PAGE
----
Their emigration from India most likely took place in the context of the early 11th century raids by Mahumud of Ghazni who captured whole populations, enslaved them and took them to Afghanistan, even across the Hindu Kush (in Persian “Kush” means “killer” — so named for the death by cold and fatigue of many captives of Ghazni) and incorporated as ethnic military units, along with their camp followers, wives and families.
Most of this is confirmed by language studies, blood groupings, DNA tests and the writings of Muslim historians and other scholars at the Ghaznavid court of Mahumud and later, the Persians, Armenians, Turks and Greeks.
The theory goes on to explain that in 1040, the Ghaznavid empire was overthrown by the Seljuks and that the Indian contingent, numbering around some 60,000, was forced to fight for the Seljuks and spearhead their advance in their raids into Armenia. The only other option was to flee to Armenia and fight for them.
In any event, the Indians ended up in Armenia and later, in the Seljuk Sultanate of Rûm. These Roma-in-the-making remained in Turkey for 200 to 300 years, abandoned their military way of life and took up a nomadic lifestyle based on artisan work, trading, animal dealing and entertainment. Gradually, small groups wandered westwards, across the Bosporus to Constantinople and from there up into the Balkans to reach Central Europe by 1400, leaving small groups of Roma in all the regions they passed through.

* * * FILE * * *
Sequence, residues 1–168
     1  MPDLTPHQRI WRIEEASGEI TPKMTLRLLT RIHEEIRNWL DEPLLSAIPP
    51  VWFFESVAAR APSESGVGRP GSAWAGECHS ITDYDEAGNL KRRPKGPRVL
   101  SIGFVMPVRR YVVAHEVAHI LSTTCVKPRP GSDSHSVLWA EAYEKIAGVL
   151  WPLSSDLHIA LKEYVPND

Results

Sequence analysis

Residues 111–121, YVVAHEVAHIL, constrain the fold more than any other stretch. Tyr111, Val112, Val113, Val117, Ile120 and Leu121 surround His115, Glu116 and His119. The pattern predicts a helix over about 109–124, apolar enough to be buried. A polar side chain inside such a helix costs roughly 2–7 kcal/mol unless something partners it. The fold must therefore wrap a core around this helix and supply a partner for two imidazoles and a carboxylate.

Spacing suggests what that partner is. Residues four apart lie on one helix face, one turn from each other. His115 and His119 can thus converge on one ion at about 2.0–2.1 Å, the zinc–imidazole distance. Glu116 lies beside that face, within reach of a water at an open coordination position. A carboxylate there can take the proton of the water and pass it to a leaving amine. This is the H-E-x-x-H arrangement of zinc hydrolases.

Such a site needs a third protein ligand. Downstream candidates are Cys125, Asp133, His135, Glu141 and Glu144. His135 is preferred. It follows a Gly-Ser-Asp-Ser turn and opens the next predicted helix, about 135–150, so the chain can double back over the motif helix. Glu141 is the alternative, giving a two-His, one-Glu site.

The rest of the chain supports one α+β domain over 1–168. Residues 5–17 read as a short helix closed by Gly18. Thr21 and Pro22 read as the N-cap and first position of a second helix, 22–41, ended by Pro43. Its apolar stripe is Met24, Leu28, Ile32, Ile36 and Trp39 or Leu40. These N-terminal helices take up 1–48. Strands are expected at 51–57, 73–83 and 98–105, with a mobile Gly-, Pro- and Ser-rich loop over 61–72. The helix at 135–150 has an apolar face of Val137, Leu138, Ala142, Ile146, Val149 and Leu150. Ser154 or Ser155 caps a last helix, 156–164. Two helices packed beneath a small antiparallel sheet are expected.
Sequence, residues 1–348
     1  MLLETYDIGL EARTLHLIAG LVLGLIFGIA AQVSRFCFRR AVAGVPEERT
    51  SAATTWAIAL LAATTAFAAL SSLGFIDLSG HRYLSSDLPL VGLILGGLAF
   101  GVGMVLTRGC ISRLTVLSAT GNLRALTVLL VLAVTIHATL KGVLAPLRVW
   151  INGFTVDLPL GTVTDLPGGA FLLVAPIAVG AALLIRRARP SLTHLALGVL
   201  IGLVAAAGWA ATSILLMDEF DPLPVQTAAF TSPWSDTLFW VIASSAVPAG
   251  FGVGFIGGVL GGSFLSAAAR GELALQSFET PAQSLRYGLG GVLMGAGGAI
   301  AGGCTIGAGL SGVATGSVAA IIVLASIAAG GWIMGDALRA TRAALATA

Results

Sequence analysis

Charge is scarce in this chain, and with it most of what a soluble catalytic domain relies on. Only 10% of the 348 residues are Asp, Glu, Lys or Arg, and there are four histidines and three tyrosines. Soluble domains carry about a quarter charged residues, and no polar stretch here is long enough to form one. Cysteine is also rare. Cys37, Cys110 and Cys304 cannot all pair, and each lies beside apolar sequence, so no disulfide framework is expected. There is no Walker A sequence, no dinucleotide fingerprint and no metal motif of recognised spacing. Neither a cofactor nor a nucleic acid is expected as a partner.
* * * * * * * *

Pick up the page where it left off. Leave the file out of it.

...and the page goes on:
The Roma have their own language, which is studied by scholars in the West and has regional variations. The use of the language is fading as the Roma try to integrate. However, their skin colour distinguishes them from the rest of their fellow Europeans. This and the fact that they retain many of their ancient customs, habits and dress make them stand apart from the rest. Their major problem is lack of education, largely due to discrimination and their nomadic lifestyle. The Roma apparently do much better in the United States where some of them migrated from Europe.
Roma made their home in almost all countries of Europe, especially in the Turkish-ruled Balkans. In the past the Roma have been persecuted by both Christian and Muslim states — despite them adopting the religion of the local power.
As a result of the recent controversy in Europe there is much interest in the Roma these days. Indians, however, have lost sight of these unfortunate people, perhaps due to their lack of historical interest. In the 1970s, W.R. Rishi, an Indian Foreign Service officer, set up the Indian Institute of Roma Studies at Chandigarh, and organised two International Roma Festivals where, in 1983, the then Prime Minister Indira Gandhi delivered a stirring speech, saying: “I feel kinship with the Roma people”. Do a billion Indians feel the same way?
Gautam Pingle is director of Centre for Public Policy, Governance and Performance, ASCI